Cory Catfish: A Comprehensive Care Guide

Cory catfish (any catfish in the genus Corydoras) are some of the most popular catfish in the pet trade. Their calm disposition, relatively small size, and willingness to cohabit with other fish, make them ideal for soft-water community tanks.

Whether you’re a seasoned fishkeeper or an absolute beginner, at least one species of cory will make your day.

In this article, we’ll take a closer look at everything you need to know to keep these fish successfully, including:

  • Where cory catfish come from
  • Different species of Corydoras
  • Tank sizes these fish need
  • How and what to feed your cory
  • Breeding cory catfish
  • The appropriate water parameters
  • Their temperament and appropriate tank mates

Let’s get into it.

Cory Catfish in a Nutshell

  • Origin: South America, covering large parts of the Amazon River Basin and tributaries that run into it.
  • Natural Habitat: Slow-moving (and sometimes faster) rivers, swamps, lakes, and other bodies of water with a soft, siftable substrate. 
  • Size: Between one and five inches
  • Temperament: Calm, docile, semi-social
  • Tank Size: 10-gallon aquariums for smaller species, 20-gallons or more for larger species
  • Water Parameters: 72-78°F; soft (18-220 PPM), slightly acidic (7.0-8.0)
  • Water Changes: 35% weekly
  • Lifespan: 5 years or more, under ideal conditions.

Cory Catfish: Background and Origin

The genus Corydoras was officially described in 1803 and has quickly expanded over the years. Scientists have described more than 160 species, making it one of the largest (if not the largest) genera of Neotropical fish. They belong to the family Callichthyidae, which includes all the armored catfish.

Sometimes, people to understand the various names of these catfish. Corydoras is the Latin name of the genus that all cory catfish belong to. Cory, cory cat, and other similar terms, are simply the hobbyist’s way of making them easier to reference. These terms aren’t mutually exclusive to any one species, but refer to all species in this group.

These fish have a distribution that covers a large swathe of South America, starting just east of the Andes mountain range, and extending to the Atlantic coast.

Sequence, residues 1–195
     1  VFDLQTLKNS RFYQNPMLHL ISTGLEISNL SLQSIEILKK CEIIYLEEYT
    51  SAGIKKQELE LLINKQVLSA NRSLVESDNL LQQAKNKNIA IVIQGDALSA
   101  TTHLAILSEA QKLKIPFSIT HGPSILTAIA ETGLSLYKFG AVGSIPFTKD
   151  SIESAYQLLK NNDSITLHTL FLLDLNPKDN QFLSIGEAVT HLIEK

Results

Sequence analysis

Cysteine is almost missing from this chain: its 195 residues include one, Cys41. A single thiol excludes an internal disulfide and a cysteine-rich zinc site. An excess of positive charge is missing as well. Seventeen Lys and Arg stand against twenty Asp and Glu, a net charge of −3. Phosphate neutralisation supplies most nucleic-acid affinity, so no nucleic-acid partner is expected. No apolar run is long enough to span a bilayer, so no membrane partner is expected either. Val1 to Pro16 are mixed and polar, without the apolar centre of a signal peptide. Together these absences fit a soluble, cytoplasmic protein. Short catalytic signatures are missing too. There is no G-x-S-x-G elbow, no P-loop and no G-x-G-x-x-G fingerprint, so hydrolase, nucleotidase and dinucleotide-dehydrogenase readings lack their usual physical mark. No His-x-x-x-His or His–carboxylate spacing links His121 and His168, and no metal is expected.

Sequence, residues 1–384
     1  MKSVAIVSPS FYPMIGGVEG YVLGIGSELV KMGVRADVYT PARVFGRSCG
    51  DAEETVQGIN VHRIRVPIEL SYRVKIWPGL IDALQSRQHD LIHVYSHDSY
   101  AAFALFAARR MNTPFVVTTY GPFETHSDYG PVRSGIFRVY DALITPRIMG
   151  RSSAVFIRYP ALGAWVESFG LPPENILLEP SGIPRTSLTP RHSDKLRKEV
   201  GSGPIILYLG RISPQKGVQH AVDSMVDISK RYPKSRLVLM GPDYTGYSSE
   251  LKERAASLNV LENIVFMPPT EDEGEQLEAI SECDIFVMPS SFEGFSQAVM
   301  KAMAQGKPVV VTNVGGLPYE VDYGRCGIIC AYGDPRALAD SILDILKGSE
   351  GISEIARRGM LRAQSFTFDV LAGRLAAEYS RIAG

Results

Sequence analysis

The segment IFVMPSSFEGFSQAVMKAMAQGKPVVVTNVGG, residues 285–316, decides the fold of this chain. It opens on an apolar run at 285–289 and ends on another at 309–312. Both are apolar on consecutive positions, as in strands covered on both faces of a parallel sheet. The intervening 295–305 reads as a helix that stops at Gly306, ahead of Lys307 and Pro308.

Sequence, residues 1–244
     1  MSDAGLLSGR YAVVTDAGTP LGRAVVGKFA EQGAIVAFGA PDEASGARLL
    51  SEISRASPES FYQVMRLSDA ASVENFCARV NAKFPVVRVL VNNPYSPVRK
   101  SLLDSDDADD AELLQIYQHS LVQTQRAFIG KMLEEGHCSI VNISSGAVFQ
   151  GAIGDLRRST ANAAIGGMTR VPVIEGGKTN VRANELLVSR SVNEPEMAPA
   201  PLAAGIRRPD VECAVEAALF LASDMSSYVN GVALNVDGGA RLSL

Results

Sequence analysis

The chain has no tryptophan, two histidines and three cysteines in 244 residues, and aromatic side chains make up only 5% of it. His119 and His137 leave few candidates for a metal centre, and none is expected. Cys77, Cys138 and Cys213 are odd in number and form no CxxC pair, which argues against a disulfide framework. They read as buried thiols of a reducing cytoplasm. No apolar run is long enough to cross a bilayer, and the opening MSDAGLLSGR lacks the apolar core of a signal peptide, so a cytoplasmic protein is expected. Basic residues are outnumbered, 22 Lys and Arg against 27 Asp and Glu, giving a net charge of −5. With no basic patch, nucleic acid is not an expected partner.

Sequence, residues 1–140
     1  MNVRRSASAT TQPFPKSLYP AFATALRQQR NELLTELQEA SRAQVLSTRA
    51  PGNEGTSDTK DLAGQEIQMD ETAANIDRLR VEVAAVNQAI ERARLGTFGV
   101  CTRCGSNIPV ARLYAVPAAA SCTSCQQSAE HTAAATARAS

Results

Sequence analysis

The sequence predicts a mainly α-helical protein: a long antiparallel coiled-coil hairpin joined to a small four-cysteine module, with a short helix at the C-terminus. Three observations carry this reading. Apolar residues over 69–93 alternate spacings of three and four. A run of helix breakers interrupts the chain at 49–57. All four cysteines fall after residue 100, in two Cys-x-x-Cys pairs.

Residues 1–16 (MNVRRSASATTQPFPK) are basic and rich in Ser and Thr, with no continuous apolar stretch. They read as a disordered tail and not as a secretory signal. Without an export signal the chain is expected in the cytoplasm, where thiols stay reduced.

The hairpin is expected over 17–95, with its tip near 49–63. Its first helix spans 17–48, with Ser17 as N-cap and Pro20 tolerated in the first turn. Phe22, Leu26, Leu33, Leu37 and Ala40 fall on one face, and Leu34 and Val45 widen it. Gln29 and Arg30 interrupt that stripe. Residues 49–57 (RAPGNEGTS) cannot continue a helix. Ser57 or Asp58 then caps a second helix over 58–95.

One of the reasons for the impressive number of species in this genus includes the distribution range for each species. Individual species tend to have tiny distribution ranges.  

For instance, the Sterbai Cory, Corydoras sterbai only occurs in small parts of the Guapore River. The Panda Cory, Corydoras panda only occurs in a few areas of the Upper Amazon.

The Peppered Cory, Corydoras paleatus, and Bronze Cory, Corydoras aeneus, have some of the broadest distributions. They occur through large parts of the Amazon Basin. 

Some believe it’s likely that groups of fish have become separated over the years. As smaller groups of these animals were left to their own devices, they adapted to take advantage of minor differences in their region. 

After a while, they adapted significantly enough to become species in their own right. This phenomenon has been well-documented among riverine Cichlids.

Most Popular and Hardiest Cory Cats

Most Corydoras catfish are easy to care for. They’re not messy, they help keep the tank clean, and they’re easy to keep alive. Their only real requirement is soft water with plenty of oxygen.

Because they’re so adaptable, they’re incredibly popular. Some species are more popular than others, though. Some of the most popular cory cats (and the easiest to keep alive) include:

  • Sterbai Cory – Incredibly popular due to its medium size and polka dot pattern.
  • Bronze Cory – One of the first cory cats in the industry, and still a favorite.
  • Albino Cory – A type of bronze cory with a unique appearance.
  • Peppered Cory – Another old timer that’s been known and loved for decades.
  • Panda Cory – A small to medium cory with a mask like a raccoon and a lovely personality.
  • Pygmy Cory – All the cory cat charm and personality in a tiny, tiny package.